Consumption of pork is strictly forbidden in Islam, due to passages in the Koran that expressly ban eating the meat or blood of “swine.” This means that pig meat in all its forms is illegal in many Islamic countries such as Kuwait and Saudi Arabia–although you’ll find beef salami, turkey bacon, and chicken sausages.
Nevertheless, a number of supermarkets in Dubai have pork sections. Signposted as being for “Non-Muslims only” — but there are no ID checks or interrogations of the buyers — these are especially common in the parts of town where Western expats are concentrated. One such supermarket is mere minutes from my front door, where a corner of the supermarket sells several kinds of pork products. But in Dubai, the true… um… Mecca of infidel dining is the Waitrose supermarket in the Dubai Mall.
It is one of the ironies of life that, having moved to the Islamic Middle East, I end up consuming more (and better pork) than I ever did in the US or Japan. This Pork Shop is enormous — larger than a Japanese convenience store — and has stunning variety that includes more than 20 types of dried sausages, 12 types of liver pâté, dozens of types of bacon, and countless other types of cuts and chops. Can you imagine a store dedicated to feasting on the flesh of swine in Muslim Arabia?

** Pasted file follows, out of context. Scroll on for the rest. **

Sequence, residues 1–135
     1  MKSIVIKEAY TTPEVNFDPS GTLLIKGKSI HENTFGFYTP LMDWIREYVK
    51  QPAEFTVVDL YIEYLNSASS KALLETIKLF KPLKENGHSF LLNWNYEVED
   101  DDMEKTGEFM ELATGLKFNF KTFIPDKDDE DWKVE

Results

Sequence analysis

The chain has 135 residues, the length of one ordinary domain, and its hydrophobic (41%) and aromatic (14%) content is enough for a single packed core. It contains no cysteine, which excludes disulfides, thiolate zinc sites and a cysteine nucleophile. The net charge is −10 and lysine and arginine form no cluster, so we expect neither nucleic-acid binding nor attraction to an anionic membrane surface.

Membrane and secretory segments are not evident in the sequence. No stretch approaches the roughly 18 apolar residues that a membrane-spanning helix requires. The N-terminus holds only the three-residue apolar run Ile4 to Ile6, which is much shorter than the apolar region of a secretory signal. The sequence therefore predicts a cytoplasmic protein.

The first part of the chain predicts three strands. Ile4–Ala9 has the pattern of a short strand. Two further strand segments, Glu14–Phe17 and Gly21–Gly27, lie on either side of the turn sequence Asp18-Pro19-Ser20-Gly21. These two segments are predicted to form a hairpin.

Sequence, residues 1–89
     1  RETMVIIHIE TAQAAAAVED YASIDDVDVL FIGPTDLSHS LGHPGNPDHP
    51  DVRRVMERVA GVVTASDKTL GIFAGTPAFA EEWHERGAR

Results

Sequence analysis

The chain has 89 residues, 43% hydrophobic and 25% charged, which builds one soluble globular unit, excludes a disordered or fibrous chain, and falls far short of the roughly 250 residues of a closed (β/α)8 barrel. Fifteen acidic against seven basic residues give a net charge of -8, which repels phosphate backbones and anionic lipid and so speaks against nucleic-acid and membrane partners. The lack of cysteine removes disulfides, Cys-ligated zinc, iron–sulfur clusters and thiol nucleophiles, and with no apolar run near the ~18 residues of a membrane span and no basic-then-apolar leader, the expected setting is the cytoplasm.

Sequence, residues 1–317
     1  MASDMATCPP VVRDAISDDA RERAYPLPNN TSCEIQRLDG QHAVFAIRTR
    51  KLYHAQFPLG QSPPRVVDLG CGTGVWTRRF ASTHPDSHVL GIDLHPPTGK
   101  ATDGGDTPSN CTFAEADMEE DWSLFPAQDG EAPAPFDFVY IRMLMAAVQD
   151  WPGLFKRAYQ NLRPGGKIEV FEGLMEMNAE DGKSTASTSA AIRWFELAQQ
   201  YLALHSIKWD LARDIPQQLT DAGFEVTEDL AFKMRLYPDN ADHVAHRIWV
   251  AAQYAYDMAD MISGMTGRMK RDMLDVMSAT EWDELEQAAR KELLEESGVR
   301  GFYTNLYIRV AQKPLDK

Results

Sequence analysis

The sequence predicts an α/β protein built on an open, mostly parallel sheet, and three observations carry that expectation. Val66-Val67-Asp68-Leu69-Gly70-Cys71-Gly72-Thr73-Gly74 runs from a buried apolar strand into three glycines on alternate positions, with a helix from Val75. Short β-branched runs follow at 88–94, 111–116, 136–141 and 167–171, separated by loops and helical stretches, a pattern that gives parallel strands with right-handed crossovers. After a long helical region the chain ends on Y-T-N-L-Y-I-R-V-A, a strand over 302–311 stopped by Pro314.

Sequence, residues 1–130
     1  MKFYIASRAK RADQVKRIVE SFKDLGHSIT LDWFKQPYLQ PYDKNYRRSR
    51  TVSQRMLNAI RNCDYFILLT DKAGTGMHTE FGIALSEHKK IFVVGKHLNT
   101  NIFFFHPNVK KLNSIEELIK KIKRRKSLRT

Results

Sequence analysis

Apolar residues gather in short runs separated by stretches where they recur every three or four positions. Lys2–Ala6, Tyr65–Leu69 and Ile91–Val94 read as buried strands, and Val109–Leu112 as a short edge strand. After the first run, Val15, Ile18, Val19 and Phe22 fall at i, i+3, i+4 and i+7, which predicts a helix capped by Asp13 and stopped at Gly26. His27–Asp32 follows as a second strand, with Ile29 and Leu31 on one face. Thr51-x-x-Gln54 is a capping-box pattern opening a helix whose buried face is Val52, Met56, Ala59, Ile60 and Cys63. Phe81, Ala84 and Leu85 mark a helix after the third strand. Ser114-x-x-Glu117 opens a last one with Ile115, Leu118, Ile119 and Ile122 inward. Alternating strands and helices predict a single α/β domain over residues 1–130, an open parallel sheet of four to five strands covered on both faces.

Dining out is a different story. Pork is harder to find in restaurants than alcohol — while alcohol requires a mere license, pork requires non-Muslim cooks, separate fridges and freezers, and other operational difficulties to serve. Nonetheless, quite a few restaurants, including Kisaku (perhaps the most authentic Japanese restaurant in Dubai) serve pork, and it is not that uncommon to see on the menu in Dubai.